On March 6, 2019, the Company completed an issuance of $400.0 million aggregate principal amount of 4.125% senior notes due 2029 (the "2029 notes"). The 2029 notes mature on March 15, 2029 and accrue interest at a fixed rate of 4.125% per annum. Interest is payable semiannually on the 2029 notes on March 15th and September 15th of each year, beginning on September 15, 2019. The 2029 notes were issued at a discount of $2.1 million and the Company incurred debt issuance costs of $3.9 million. The original issue discount and debt issuance costs were recorded in "Long-term debt" in the accompanying condensed consolidated balance sheets and these costs will be amortized to "Interest expense" in the accompanying consolidated statements of operations over the life of the 2029 notes. The net proceeds from the issuance of the 2029 notes were utilized to partially repay the Credit Facility and for general corporate purposes. The indenture governing the 2029 notes restricts the Company's ability to, among other things, create certain liens, enter into sale/leaseback transactions and consolidate with, sell, lease, convey or otherwise transfer all or substantially all of the Company's assets, or merge with or into, any other person or entity. As of March 31, 2019 and December 31, 2018, the Company had senior notes with an aggregate principal amount of $2,450.0 million and $2,300.0 million outstanding, respectively, and was in compliance with their financial and other debt covenants.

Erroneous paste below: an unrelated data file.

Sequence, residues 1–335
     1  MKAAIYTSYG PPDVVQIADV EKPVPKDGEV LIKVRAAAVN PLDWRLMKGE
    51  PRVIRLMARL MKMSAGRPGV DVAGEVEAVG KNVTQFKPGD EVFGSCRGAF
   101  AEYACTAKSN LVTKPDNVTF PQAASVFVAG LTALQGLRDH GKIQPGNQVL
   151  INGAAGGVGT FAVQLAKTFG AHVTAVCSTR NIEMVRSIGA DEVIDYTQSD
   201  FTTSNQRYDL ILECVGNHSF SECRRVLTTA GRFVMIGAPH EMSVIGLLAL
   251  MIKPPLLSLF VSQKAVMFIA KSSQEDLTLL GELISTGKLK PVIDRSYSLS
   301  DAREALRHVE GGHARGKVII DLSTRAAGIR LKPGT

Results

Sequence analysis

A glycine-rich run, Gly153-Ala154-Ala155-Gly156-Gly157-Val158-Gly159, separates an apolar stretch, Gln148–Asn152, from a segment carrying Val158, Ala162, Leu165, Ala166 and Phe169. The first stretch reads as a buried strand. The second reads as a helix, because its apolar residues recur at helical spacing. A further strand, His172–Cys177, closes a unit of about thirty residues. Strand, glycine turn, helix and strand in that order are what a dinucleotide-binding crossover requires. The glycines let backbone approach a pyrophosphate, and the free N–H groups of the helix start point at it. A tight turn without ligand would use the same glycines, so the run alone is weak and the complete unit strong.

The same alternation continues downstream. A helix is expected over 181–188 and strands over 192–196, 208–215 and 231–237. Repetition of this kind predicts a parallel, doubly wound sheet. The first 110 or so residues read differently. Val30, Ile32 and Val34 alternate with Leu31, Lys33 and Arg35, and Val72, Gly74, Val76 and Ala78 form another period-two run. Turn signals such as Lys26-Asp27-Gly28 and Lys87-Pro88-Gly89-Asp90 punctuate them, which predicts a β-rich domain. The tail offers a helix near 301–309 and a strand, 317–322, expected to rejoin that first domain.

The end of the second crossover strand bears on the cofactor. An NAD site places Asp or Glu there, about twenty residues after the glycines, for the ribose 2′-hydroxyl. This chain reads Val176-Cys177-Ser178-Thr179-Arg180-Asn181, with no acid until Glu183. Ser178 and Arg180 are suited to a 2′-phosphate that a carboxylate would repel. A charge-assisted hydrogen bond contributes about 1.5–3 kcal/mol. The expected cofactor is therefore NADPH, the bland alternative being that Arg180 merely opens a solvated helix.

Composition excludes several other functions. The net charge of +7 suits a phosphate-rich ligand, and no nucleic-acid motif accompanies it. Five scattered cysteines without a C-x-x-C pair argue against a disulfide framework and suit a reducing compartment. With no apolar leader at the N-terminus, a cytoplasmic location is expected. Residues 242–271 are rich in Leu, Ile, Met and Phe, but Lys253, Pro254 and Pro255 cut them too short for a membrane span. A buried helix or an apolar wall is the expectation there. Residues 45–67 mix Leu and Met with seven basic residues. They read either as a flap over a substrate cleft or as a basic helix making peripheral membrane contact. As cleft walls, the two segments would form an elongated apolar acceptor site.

14


As of March 31, 2019, the Company had a borrowing capacity of $1,500.0 million under the Credit Facility with Bank of America N.A., JP Morgan Chase, N.A., and a syndicate of other banks. The Credit Facility may be used for general corporate purposes, including working capital needs and capital expenditures, acquisitions and the share repurchase program (the "Repurchase Program"). As of March 31, 2019, the Company was in compliance with all financial and other debt covenants under the Credit Facility. As of March 31, 2019 and December 31, 2018, the available capacity under the Credit Facility was $1,324.6 million and $1,078.9 million, net of the letters of credit of $5.4 million and $6.1 million, respectively. In April 2019, the Company repaid $70.0 million of outstanding borrowings as of March 31, 2019, under the Credit Facility.